“A DELICATE BALANCE:” ON THE EDGE OF AN EMOTIONAL TIGHT ROPE
Days tumble into years and we often don’t consciously acknowledge their passage, traveling down a path or direction that has been set in motion eons before. Sometimes it takes an event that is sudden and unexpected to disturb that passage of time and cause us to question where we are going and why.
For the family of Agnes and Tobias, whose lives are a series of sameness, it is the arrival on their doorstep of their best friends of forty years, Harry and Edna, seeking refuge within the walls of their home for an open-ended visit. Their only explanation is a fear or terror has forced them to flee their own house and seek sanctuary where they will be welcomed and accepted.
Until Saturday, November 13, the Yale Repertory Theatre in New Haven will present Edward Albee’s Pulitzer Prize-winning drama “A Delicate Balance” exploring how a sudden knock at the door can set off ripples and repercussions on the occupants on both sides of the portal.
Agnes and Tobias, portrayed with brilliant aplomb by Kathleen Chalfant and Edward Herrmann, enjoy a carefully crafted existence, where very little is said that will disturb the sacred cocktail hour. They skim over any topics that might be uncomfortable, like the obvious drinking problem of Agnes’ younger sister Claire (Ellen McLaughlin) who resides with them and the strong possibility that their daughter Julia (Keira Naughton) might soon be coming home after the failure of her fourth marriage.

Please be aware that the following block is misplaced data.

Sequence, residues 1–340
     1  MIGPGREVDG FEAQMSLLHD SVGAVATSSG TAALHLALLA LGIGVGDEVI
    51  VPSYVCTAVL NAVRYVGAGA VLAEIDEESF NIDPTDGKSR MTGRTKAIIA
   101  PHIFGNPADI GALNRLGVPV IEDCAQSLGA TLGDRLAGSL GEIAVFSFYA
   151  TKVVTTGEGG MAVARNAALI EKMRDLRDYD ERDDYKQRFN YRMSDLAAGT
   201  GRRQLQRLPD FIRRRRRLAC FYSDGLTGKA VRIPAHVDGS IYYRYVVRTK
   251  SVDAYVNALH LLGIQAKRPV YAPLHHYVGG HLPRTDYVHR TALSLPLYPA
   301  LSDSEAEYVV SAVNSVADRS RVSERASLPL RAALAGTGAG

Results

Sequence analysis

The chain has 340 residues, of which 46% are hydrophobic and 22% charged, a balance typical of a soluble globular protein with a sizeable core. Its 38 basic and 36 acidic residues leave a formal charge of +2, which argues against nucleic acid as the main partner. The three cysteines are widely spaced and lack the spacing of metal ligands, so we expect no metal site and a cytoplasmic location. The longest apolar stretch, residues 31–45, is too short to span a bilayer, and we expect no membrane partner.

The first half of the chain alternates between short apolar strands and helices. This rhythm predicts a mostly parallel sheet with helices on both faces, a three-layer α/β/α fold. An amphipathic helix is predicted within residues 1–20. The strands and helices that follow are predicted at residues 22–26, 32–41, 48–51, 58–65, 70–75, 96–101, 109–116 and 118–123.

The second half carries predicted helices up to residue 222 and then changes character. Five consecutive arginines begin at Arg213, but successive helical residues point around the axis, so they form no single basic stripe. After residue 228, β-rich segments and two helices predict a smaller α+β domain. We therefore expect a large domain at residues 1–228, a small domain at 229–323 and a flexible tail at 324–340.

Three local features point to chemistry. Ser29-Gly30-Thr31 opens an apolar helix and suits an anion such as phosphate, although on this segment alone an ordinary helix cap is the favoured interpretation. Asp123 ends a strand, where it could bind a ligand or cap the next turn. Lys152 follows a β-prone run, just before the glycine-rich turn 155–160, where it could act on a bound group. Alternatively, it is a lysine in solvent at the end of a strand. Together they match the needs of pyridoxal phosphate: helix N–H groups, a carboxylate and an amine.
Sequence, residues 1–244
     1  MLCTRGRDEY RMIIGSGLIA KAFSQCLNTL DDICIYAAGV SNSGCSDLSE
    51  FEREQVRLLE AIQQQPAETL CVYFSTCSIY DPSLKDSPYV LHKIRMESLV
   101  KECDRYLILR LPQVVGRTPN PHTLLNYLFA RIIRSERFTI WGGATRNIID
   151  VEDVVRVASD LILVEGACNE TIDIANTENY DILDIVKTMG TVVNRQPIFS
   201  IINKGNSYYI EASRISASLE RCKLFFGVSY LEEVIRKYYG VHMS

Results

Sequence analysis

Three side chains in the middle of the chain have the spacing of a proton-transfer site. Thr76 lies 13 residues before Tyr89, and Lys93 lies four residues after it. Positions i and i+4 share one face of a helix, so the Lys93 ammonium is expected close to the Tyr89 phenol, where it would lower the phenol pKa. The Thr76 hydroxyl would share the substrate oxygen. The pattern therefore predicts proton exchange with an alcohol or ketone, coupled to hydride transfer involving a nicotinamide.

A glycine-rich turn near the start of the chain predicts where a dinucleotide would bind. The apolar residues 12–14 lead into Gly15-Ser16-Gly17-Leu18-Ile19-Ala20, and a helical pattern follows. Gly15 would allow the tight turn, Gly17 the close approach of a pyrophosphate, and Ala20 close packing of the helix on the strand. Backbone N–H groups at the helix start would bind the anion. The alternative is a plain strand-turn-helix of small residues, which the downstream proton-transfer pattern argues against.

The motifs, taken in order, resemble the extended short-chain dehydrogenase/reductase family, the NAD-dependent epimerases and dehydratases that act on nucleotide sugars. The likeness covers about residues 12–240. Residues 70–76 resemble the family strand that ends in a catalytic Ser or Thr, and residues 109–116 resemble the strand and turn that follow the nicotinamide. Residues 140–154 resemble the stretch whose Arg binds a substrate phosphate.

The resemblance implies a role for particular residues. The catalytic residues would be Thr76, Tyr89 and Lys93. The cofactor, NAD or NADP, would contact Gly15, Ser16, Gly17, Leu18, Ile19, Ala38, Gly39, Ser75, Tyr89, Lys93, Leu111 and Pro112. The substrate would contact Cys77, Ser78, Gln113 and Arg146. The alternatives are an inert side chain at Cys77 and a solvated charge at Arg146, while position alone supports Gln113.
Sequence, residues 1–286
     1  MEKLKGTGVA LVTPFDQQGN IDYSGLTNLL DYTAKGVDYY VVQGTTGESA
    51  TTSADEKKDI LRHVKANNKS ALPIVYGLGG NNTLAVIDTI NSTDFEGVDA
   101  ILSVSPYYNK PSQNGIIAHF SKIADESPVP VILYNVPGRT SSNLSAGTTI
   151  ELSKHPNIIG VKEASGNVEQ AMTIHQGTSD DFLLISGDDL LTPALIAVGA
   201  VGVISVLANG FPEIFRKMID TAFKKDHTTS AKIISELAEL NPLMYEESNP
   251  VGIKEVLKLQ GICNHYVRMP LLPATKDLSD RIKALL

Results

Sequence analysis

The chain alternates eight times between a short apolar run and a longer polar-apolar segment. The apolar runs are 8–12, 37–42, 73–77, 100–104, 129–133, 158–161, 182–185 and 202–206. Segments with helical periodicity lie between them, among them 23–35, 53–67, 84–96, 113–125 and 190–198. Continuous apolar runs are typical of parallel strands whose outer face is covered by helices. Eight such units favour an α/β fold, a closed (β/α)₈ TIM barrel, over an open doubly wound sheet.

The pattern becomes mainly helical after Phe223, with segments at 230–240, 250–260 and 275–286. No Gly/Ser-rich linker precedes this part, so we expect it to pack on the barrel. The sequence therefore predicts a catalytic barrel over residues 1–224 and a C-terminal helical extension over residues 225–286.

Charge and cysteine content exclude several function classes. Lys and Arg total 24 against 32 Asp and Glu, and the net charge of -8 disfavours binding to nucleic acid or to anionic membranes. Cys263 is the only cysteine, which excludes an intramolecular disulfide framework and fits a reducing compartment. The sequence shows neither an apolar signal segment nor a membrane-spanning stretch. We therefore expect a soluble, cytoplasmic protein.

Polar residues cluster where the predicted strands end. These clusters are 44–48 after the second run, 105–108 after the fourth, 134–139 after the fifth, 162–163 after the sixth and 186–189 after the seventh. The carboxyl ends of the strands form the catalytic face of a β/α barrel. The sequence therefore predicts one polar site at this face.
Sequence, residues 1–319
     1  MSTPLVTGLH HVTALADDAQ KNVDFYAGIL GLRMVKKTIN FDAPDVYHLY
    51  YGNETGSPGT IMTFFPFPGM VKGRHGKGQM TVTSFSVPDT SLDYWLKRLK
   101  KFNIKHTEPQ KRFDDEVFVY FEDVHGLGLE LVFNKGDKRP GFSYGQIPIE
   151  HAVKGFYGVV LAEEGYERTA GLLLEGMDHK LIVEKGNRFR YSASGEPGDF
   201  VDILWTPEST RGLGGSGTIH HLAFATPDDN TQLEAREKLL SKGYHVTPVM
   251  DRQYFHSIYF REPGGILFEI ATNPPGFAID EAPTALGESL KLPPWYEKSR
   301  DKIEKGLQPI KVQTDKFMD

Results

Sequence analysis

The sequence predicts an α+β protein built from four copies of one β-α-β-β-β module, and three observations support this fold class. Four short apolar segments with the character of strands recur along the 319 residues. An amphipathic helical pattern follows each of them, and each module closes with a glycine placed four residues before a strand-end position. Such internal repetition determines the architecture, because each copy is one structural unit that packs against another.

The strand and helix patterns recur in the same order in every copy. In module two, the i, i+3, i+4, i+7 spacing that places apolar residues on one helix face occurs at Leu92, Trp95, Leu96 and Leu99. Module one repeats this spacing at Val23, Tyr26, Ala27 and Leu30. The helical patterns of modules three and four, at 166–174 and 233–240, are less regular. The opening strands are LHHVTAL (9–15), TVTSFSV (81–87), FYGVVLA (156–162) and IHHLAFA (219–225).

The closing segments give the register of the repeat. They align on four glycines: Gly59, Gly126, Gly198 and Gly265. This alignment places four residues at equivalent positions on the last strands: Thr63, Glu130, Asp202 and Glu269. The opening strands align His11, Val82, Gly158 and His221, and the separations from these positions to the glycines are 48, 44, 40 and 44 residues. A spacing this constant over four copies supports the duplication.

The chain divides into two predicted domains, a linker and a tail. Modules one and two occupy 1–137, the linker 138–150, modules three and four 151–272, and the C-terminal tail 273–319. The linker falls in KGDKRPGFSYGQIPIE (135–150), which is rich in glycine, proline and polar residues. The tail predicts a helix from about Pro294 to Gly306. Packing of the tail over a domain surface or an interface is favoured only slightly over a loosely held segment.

One moment Agnes is waxing philosophically on the concern that her mind is about to go adrift like an errant balloon and the next she is answering the door to find Edna and Harry (Kathleen Butler and John Carter) as surprise guests. Agnes, the fulcrum of the family, does not know how to maintain the delicate balance that is her primary role. This dysfunctional unit talks around issues without confronting them, like the loss of their son Teddy or the grave possibility that Tobias has been unfaithful.
With the arrival of Edna and Harry, followed soon after by Julia’s hurricane appearance demanding her needs and wants be addressed and her bedroom returned to her, Agnes and Tobias are forced to reassess their sterile and uncaring lack of interaction. Is Claire a willful drinker as she claims or a full-bodied alcoholic? Will Julia grow up and take responsibility for her quartet of troubled marriages? Will Edna and Harry move in permanently? Can Agnes and Harry face the loss of control, of sanity, of love and of direction that is so obvious in their relationship? James Bundy directs this tight rope walk with skill and fearlessness on a beautifully detailed set by Chien-Yu Peng.
For tickets ($10-85), go the Yale Repertory Theatre, 1120 Chapel Street at York, New Haven at 203-432-1234 or go online to www.yalerep.org. Performances are Tuesday to Saturday at 8 p.m. with a Saturday matinee at 2 p.m.
Watch how one dysfunctional family, unaware of its inherent weaknesses, deals with the arrival of some unexpected Trick or Treaters who appear when it isn’t even Halloween.